The colonial revival was just one bloom in a bouquet of historicising styles that flowered after the first centennial in 1876. In the wake of the civil war, patriotism commingled with nostalgia and anxiety. Citizens of the precariously reunified nation were wistful for pre-industrial times and disoriented by the rapid pace of urban change. They were ready for designs that invoked an unambiguously American idyll.

The tremendous influx of immigrants gave fresh urgency to those yearnings. When the American Wing of the Metropolitan Museum opened in 1924, its first curator, RT Haines Halsey, spelled out the museum’s mission of cultural integration. He argued that the new period rooms would counter “the influx of foreign ideas utterly at variance with those held by the men who gave us the Republic” by presenting “traditions so dear to us and invaluable in the Americanization of many of our people”.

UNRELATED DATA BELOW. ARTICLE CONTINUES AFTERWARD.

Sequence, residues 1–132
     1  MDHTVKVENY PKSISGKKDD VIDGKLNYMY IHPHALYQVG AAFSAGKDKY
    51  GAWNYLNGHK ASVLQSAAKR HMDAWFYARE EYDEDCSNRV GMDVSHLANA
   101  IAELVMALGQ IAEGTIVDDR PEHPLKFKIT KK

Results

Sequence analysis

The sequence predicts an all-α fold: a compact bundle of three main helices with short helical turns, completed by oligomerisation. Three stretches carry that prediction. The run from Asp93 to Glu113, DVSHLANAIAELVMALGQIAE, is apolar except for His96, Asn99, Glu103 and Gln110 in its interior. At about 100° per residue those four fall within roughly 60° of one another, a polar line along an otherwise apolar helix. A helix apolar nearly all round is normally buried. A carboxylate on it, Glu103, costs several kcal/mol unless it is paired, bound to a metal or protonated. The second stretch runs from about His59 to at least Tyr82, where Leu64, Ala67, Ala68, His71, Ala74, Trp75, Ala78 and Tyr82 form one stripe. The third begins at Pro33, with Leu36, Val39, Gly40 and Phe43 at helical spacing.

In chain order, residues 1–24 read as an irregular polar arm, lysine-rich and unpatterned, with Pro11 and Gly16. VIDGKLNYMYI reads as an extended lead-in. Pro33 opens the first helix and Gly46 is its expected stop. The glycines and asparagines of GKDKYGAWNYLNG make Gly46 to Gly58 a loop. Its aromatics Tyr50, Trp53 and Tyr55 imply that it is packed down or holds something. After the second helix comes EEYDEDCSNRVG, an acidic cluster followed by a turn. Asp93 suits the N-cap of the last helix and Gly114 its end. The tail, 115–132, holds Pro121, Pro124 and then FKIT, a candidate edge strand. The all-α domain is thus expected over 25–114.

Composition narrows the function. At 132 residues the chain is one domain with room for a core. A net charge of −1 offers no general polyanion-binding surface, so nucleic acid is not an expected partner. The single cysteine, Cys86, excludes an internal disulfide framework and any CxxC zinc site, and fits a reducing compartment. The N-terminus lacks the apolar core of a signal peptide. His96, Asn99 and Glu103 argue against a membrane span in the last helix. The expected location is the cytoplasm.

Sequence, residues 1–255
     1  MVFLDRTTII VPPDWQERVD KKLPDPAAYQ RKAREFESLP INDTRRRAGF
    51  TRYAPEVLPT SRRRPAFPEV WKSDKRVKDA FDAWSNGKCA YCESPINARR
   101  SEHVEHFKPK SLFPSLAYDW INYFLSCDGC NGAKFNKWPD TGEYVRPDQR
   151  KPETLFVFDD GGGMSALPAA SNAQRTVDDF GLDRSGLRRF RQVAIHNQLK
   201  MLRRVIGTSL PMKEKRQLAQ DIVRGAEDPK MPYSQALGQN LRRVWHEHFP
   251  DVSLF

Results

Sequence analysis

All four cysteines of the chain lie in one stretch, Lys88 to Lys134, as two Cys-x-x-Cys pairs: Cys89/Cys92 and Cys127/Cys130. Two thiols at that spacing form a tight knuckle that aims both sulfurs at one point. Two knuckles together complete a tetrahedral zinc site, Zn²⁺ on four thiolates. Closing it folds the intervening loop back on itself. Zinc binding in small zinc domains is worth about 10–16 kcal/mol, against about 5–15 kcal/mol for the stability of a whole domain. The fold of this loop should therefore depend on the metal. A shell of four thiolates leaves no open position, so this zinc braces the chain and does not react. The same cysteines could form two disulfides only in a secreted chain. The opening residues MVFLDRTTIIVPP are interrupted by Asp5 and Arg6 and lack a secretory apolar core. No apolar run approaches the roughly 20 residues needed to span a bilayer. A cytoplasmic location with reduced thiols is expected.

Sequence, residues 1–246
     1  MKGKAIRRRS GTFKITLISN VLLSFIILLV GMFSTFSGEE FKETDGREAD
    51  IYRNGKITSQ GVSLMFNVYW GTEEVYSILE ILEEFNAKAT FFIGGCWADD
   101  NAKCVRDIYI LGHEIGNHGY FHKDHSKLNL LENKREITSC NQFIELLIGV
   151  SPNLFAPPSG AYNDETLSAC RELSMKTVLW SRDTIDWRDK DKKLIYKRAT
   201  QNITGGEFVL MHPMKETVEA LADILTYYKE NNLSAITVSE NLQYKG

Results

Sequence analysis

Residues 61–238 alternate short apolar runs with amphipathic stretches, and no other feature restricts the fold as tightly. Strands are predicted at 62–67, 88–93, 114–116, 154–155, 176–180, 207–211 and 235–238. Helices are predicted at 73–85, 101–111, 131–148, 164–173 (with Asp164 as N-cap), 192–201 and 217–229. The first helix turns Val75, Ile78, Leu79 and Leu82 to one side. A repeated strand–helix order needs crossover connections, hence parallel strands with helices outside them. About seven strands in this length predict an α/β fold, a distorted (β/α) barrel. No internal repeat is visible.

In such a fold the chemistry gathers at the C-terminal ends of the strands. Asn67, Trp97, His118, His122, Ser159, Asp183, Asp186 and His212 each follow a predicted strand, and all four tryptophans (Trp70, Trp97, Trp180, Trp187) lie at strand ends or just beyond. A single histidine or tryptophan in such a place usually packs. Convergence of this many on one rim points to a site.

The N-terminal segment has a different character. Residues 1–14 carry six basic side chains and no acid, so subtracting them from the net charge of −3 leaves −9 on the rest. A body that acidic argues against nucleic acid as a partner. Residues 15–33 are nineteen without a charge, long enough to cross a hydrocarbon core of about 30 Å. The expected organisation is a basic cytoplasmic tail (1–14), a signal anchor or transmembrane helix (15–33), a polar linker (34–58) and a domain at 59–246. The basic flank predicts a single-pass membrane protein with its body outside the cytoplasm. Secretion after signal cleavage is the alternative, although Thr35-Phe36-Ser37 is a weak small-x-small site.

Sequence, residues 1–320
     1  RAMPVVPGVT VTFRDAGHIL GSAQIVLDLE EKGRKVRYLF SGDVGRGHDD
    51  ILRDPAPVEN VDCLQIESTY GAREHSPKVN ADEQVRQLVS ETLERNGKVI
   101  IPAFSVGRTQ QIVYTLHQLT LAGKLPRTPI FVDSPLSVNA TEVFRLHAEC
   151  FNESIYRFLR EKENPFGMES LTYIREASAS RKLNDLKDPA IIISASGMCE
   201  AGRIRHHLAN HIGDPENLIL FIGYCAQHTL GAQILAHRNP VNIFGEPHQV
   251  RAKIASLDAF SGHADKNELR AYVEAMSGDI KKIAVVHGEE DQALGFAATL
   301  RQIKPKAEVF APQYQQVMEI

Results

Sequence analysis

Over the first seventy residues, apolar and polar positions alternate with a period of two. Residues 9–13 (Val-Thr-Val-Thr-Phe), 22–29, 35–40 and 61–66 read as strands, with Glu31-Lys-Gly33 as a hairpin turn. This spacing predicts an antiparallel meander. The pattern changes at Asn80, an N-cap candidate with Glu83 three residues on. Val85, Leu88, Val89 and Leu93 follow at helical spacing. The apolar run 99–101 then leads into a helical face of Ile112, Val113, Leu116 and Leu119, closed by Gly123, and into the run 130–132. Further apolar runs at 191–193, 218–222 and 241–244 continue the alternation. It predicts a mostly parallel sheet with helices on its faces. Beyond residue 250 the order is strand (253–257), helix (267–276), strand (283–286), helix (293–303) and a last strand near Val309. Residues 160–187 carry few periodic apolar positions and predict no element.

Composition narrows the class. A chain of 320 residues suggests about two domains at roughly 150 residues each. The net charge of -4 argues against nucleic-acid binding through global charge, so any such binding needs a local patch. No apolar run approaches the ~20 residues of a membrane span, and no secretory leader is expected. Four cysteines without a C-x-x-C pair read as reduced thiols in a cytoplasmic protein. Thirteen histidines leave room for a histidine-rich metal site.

The new wing proved popular and boosted the market for colonial furnishings, American-themed tea sets, and revolutionary tchotchkes. Its restrained airiness contrasted nicely with the lush and fusty tastes that New York’s plutocrats had previously borrowed from Europe. One journalist grumbled at having to traverse the “tawdry ... pomposity” of the “Italian gimcracks which JP Morgan assembled” in order to reach the “coolness and serenity of the [American Wing], a somehow real thing, so truly brave of spirit, so truly actual of concept, so truly beautiful of form”.